Out of the very wide range of diverse issues discussed in the second ‘real’ symposium style lecture, two stood out to me: the idea of published work only being validated once it is viewed by others, and the ‘death’ of the physical book.
The question the interested me was: “Is the work we publish online only validated once it is viewed/consumed by others?”. I completely agree with how a lot of the lecturers answers this one, mainly that it is the fact that our writing has a possible audience that has an influence on the writing process, rather than if people actually read it. The fact that I’m writing this with the real possibility of at least one person seeing it means that I’m writing it in a different way than if I was just jotting down my thoughts on the lecture in a personal diary.
We know that the work we publish online is viewable to anyone, and this alters the way we write and the content of what we write. I don’t think people need to actually consume the work for it to be validated, the very fact that we published it means that it’s validated, at least to us.
I also liked the physical analogy, in that blogs technically don’t exist until someone clicks on it, and chooses to view it, and as Adrian said, if we write for an imagined audience, and write well, that imagined audience will become real.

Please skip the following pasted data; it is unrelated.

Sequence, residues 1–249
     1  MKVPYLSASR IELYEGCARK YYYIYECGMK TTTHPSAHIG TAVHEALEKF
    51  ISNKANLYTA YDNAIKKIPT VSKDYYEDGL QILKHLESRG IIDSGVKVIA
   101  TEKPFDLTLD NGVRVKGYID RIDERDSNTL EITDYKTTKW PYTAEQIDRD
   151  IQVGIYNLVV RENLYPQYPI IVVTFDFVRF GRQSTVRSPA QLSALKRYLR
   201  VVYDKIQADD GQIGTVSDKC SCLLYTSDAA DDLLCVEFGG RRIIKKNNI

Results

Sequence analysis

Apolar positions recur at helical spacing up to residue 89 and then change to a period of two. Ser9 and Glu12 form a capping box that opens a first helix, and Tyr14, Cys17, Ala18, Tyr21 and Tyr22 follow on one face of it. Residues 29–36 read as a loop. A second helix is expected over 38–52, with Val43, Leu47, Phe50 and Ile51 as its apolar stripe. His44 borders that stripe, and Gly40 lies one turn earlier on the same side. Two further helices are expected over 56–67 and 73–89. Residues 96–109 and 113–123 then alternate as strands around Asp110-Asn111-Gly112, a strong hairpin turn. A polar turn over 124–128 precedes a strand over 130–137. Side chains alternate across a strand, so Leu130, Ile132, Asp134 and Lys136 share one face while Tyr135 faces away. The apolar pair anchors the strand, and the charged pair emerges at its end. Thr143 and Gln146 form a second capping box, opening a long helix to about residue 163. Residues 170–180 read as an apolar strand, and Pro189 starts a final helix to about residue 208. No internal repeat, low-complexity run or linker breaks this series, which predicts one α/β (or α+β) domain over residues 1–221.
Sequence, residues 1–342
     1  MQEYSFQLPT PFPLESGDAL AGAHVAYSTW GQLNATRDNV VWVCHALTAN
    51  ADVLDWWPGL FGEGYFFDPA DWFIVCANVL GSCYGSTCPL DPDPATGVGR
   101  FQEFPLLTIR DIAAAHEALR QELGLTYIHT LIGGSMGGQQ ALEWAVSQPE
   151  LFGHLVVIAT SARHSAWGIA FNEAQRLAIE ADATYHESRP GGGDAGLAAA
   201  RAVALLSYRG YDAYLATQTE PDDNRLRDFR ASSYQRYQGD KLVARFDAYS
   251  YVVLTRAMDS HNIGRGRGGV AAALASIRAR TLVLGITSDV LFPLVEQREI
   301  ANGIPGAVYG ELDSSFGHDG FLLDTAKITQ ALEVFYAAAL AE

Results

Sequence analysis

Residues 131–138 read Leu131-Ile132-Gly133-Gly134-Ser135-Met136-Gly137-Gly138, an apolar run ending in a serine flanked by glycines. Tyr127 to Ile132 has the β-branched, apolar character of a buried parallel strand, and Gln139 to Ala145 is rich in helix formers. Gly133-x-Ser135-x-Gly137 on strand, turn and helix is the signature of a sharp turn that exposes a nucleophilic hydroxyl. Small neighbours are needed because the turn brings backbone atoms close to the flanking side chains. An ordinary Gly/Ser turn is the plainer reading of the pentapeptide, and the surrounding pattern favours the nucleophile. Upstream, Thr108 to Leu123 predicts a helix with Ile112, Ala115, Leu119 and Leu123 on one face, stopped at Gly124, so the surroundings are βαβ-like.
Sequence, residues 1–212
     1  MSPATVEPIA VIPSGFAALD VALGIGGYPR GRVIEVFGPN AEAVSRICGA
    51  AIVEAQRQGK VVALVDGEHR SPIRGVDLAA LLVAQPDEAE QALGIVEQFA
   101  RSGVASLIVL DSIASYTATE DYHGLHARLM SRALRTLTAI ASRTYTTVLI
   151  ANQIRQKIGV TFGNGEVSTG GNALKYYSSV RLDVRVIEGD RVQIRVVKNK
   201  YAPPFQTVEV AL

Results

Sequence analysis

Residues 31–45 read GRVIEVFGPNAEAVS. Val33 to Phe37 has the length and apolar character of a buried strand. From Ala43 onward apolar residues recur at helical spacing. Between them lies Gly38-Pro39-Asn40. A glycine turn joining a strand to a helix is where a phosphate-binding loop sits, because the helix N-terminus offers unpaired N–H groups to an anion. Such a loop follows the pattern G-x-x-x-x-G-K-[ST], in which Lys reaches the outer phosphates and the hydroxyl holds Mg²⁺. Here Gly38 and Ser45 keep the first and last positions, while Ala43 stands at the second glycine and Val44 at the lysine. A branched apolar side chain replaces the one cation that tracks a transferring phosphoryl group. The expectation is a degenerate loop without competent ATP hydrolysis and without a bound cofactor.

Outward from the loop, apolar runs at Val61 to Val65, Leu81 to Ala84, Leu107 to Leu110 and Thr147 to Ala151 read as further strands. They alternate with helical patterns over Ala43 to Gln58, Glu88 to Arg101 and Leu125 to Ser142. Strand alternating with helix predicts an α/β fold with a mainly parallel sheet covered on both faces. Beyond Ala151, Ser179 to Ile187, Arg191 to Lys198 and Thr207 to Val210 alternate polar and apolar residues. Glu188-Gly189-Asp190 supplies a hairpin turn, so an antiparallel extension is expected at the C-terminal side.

I also found the discussion on the physical book vs e-reader a very relevant one. I’m one of those people that may not ever get used to reading for pleasure on a tablet or the like. I find it weird to read and annoying to not get the satisfication of turning the page, or checking to see how far you’ve come.
In contrast to this however, in the very near future I see none of my university books being physical copies. Even right now, only one of my four subjects as an actual textbooks, all the rest are online, and this makes every single aspect of this easier and more efficient.
Physical books still have a place close to my heart, but not in terms of my studies.